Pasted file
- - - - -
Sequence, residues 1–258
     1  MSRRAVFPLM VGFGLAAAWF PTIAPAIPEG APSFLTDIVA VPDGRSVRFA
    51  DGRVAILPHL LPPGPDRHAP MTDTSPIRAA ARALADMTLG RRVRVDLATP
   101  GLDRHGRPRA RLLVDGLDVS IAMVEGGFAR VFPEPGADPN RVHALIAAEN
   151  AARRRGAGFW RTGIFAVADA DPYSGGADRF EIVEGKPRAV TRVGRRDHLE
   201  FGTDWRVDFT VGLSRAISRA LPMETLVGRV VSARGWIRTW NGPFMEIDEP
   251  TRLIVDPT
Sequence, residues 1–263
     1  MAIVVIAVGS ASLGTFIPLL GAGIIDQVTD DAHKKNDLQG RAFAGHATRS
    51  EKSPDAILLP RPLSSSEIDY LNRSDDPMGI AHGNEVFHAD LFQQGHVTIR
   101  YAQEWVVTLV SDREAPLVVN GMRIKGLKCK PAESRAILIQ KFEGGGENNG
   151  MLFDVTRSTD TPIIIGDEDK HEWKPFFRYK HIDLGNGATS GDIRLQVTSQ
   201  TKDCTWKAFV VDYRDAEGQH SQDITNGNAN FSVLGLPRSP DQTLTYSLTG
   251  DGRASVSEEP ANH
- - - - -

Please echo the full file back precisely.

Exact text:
Sequence, residues 1–258
     1  MSRRAVFPLM VGFGLAAAWF PTIAPAIPEG APSFLTDIVA VPDGRSVRFA
    51  DGRVAILPHL LPPGPDRHAP MTDTSPIRAA ARALADMTLG RRVRVDLATP
   101  GLDRHGRPRA RLLVDGLDVS IAMVEGGFAR VFPEPGADPN RVHALIAAEN
   151  AARRRGAGFW RTGIFAVADA DPYSGGADRF EIVEGKPRAV TRVGRRDHLE
   201  FGTDWRVDFT VGLSRAISRA LPMETLVGRV VSARGWIRTW NGPFMEIDEP
   251  TRLIVDPT
Sequence, residues 1–263
     1  MAIVVIAVGS ASLGTFIPLL GAGIIDQVTD DAHKKNDLQG RAFAGHATRS
    51  EKSPDAILLP RPLSSSEIDY LNRSDDPMGI AHGNEVFHAD LFQQGHVTIR
   101  YAQEWVVTLV SDREAPLVVN GMRIKGLKCK PAESRAILIQ KFEGGGENNG
   151  MLFDVTRSTD TPIIIGDEDK HEWKPFFRYK HIDLGNGATS GDIRLQVTSQ
   201  TKDCTWKAFV VDYRDAEGQH SQDITNGNAN FSVLGLPRSP DQTLTYSLTG
   251  DGRASVSEEP ANH